The court appeal by the Singapore Democratic Party (SDP) against three correction directions issued against it under the fake news law is not open to the public or the media, owing to prevailing rules governing both the law and the courts.
A High Court spokesman yesterday said the SDP's appeal against the corrections was filed by way of an originating summons - which is one of two possible ways of starting a civil action.
This is in accordance with the Protection from Online Falsehoods and Manipulation Act (Pofma) rules, which state that appeals to the High Court must be brought by an originating summons, with a supporting affidavit to be filed at the same time.
The High Court website said an originating summons is a simpler and faster procedure than the other mode - which is by writ of summons - as it is "determined generally on affidavits filed and does not involve pleadings or many interlocutory proceedings".
The rules of court also provide that all originating summonses shall be heard in chambers, subject to directions of the court, among other things, the High Court added.
"As the Pofma appeal was filed by way of an originating summons, the appeal was hence arranged to be heard in chambers instead of open court," the spokesman said.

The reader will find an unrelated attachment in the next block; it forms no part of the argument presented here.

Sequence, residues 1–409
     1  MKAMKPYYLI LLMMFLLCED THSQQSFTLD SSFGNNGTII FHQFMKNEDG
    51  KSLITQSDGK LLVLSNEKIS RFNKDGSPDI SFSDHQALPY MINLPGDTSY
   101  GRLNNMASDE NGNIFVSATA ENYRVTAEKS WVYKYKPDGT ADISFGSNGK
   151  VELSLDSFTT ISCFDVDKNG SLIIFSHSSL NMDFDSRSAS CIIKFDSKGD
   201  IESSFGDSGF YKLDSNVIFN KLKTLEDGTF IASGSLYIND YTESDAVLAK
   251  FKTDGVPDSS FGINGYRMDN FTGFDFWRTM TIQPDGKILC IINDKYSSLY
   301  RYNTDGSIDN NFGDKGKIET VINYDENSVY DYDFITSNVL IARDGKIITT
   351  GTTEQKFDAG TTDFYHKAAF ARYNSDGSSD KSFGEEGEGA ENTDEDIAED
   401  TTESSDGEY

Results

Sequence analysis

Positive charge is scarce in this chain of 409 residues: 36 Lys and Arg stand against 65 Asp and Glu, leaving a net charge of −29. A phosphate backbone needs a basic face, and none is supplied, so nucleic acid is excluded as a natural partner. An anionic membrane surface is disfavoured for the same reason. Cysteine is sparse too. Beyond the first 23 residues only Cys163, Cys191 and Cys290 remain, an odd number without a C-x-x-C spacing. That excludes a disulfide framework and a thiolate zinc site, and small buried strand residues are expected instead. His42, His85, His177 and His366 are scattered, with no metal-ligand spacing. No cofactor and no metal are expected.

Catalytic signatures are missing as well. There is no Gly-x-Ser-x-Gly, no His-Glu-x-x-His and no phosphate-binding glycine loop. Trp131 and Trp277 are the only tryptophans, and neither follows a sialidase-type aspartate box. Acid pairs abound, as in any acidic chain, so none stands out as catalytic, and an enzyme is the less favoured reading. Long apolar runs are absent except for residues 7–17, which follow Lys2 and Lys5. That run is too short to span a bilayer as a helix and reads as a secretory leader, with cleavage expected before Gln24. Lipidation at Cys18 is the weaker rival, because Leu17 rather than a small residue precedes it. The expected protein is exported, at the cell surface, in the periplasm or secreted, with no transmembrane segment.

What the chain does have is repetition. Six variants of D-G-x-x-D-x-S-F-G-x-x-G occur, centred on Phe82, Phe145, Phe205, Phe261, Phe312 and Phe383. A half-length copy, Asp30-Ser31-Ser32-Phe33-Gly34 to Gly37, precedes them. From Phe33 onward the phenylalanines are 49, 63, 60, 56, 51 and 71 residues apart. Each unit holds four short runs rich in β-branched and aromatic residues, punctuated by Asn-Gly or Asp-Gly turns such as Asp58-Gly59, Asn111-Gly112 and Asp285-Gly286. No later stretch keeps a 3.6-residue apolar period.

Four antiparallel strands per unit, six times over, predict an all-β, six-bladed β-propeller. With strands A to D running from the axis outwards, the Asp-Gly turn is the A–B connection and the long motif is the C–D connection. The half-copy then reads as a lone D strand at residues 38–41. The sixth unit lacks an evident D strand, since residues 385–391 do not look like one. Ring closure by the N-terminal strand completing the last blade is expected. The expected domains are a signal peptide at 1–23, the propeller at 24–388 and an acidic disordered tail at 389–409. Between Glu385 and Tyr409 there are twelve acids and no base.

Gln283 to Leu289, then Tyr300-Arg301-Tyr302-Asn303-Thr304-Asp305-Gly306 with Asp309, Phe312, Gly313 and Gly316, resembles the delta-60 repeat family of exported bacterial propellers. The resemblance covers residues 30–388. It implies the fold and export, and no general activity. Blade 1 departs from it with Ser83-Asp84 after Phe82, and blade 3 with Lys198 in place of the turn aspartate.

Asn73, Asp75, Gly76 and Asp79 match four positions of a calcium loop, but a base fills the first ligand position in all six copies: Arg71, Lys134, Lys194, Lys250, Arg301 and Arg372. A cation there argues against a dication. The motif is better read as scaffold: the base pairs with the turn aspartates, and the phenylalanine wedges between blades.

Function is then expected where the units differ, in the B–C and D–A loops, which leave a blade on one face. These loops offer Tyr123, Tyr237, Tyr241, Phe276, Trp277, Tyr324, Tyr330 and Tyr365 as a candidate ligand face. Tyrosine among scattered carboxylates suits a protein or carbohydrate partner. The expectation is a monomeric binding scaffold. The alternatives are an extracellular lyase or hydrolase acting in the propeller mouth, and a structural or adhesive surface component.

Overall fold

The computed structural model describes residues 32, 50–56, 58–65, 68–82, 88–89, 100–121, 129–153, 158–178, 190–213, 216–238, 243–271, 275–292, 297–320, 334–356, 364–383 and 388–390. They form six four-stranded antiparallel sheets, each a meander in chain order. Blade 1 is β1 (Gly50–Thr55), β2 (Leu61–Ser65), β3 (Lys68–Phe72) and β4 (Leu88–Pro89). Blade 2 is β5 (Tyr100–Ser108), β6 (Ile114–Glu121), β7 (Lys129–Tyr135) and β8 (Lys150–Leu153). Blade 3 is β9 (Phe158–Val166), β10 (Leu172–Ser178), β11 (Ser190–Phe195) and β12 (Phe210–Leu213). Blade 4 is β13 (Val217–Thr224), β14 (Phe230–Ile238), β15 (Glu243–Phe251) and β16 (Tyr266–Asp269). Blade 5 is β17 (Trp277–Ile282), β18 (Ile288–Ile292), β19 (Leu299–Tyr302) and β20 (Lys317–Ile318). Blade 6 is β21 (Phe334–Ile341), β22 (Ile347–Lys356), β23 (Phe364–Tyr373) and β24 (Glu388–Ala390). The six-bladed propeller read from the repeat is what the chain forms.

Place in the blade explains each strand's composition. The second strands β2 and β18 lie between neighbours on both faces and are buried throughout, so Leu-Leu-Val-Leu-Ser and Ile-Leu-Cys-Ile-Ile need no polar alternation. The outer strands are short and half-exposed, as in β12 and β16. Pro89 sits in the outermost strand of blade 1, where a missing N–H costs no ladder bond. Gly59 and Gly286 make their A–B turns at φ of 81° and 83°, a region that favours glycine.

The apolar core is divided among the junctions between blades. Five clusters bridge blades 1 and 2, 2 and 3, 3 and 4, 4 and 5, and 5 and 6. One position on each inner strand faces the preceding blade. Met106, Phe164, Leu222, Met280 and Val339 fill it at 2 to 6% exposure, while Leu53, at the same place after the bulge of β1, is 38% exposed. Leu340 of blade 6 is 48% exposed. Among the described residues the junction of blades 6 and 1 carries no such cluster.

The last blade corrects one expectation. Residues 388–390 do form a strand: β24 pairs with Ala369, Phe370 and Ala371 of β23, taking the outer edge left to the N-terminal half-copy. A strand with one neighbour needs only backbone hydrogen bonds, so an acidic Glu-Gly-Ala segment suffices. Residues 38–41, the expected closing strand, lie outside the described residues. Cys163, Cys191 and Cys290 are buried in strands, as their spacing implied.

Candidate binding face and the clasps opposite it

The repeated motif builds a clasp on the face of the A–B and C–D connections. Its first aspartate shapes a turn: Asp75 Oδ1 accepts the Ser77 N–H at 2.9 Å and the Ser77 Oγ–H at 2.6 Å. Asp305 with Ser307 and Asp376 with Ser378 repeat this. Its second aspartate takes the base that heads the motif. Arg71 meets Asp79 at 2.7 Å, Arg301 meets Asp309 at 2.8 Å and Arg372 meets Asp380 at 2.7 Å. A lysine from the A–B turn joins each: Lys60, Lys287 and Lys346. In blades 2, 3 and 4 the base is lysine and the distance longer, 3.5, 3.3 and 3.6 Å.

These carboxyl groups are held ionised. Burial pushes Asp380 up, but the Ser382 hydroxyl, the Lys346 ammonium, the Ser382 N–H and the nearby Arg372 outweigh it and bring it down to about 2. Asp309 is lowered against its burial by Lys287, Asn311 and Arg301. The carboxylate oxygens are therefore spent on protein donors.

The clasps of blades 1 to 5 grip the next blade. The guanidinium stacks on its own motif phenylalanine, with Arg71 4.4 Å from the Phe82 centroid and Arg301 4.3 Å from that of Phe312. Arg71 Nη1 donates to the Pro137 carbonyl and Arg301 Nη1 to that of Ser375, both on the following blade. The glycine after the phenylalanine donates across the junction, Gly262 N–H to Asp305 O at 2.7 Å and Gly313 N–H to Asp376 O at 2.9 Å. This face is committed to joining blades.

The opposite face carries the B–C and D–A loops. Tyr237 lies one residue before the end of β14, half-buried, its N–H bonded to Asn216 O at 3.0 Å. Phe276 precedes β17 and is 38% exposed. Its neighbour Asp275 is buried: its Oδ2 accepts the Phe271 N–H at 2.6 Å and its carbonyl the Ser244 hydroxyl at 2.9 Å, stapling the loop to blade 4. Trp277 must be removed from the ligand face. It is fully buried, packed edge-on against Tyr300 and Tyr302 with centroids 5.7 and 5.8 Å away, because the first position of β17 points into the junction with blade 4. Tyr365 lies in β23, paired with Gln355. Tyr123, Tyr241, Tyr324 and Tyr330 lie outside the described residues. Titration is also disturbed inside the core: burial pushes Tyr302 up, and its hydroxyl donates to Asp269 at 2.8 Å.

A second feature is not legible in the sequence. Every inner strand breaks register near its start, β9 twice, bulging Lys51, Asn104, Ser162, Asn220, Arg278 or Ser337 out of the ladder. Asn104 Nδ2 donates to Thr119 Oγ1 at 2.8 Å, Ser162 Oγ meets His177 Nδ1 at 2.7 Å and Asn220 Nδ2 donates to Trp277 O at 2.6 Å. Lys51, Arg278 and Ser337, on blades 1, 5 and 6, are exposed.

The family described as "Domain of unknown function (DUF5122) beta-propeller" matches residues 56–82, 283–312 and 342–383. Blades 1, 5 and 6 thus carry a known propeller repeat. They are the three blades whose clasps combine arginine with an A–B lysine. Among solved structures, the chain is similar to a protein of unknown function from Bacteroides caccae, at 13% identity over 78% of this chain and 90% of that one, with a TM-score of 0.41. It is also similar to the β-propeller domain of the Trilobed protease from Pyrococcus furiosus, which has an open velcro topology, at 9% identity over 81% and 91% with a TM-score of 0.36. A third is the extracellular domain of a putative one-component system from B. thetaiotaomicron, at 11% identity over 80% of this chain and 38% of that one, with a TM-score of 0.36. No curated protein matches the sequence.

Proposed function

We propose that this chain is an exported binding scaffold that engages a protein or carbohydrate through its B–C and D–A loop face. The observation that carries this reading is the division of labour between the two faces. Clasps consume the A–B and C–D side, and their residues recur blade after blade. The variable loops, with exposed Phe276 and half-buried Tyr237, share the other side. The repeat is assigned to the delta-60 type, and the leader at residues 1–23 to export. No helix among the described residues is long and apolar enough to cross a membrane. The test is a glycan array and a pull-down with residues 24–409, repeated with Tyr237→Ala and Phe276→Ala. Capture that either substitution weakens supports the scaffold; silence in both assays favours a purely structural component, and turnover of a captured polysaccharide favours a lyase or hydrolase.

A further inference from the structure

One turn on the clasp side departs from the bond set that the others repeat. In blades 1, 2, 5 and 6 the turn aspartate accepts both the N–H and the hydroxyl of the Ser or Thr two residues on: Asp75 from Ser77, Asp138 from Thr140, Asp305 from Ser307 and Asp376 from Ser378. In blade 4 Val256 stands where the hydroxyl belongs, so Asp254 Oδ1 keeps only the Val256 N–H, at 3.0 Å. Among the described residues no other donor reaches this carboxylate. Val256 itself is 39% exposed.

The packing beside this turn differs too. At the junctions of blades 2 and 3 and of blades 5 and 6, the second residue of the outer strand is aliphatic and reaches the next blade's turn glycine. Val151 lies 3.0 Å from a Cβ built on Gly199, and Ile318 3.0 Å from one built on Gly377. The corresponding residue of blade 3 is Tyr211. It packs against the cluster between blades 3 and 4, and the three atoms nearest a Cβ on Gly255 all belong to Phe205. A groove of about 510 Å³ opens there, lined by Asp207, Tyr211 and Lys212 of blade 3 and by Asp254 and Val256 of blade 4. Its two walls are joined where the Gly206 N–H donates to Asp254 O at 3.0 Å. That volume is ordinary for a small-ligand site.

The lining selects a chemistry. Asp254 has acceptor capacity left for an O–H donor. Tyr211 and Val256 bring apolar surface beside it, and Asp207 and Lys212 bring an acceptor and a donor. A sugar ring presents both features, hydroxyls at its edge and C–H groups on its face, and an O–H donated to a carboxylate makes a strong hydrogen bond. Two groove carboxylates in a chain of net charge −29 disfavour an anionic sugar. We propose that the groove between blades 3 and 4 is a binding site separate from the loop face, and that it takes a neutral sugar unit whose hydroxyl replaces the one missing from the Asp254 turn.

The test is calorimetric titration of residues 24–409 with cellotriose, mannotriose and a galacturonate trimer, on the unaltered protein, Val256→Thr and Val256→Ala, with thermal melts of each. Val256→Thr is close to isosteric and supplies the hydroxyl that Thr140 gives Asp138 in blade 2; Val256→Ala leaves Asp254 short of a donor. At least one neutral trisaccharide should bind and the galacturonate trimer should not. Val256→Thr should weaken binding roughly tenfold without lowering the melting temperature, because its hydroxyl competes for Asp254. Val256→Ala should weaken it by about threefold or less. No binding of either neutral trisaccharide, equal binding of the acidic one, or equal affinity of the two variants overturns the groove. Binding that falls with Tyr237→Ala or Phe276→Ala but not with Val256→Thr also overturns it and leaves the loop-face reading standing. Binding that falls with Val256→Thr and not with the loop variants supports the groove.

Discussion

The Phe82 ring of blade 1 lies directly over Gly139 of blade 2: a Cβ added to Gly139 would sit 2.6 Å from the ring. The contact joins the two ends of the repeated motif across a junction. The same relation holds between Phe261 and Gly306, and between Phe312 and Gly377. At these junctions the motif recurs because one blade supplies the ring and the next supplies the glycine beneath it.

The SDP is challenging the Manpower Ministry's correction directions. The party, in a Facebook post on Monday, said it will make an application to the judge to have its case heard in open court instead of in chambers, when the session is convened tomorrow morning. It added that the case, with the Attorney-General named as the respondent, should be open to the public as the matter "has drawn widespread and intense public interest".
One way for the case to be heard in an open court is for the judge to convert the originating summons into a writ action. This was done last year in a case involving two Teochew clan associations. Senior Judge Andrew Ang allowed the move as he said it would enable a fairer resolution of the dispute.
The SDP case involves two corrections ordered last month by the ministry for two of the party's Facebook posts and an article on its website which the Manpower Ministry said contained falsehoods.
Both posts are linked to the article, "SDP Population Policy: Hire Singaporeans First, Retrench Singaporeans Last", which claims that a rising proportion of Singaporean professionals, managers, executives and technicians (PMETs) are being laid off. The posts were also accompanied by infographics that depicted the employment of local PMETs as having fallen, and unemployment of this same group as having risen.
On Jan 3, the SDP applied to the Manpower Ministry to have the corrections cancelled, but Manpower Minister Josephine Teo rejected the application on Monday last week. The SDP filed its court challenge last Wednesday.
In its Facebook post on Monday, the SDP said: "Not only has the matter of Pofma been strongly criticised by the opposition, civil society and the general public as an unfair weapon of the ruling party, the issue of foreign PMETs flooding Singapore is also a controversial policy that has gripped the attention of Singaporeans.
"Given that these two issues will be hotly debated and decided by Singaporeans in the looming (general election), the SDP will appeal to the judge to make the hearing open to the public."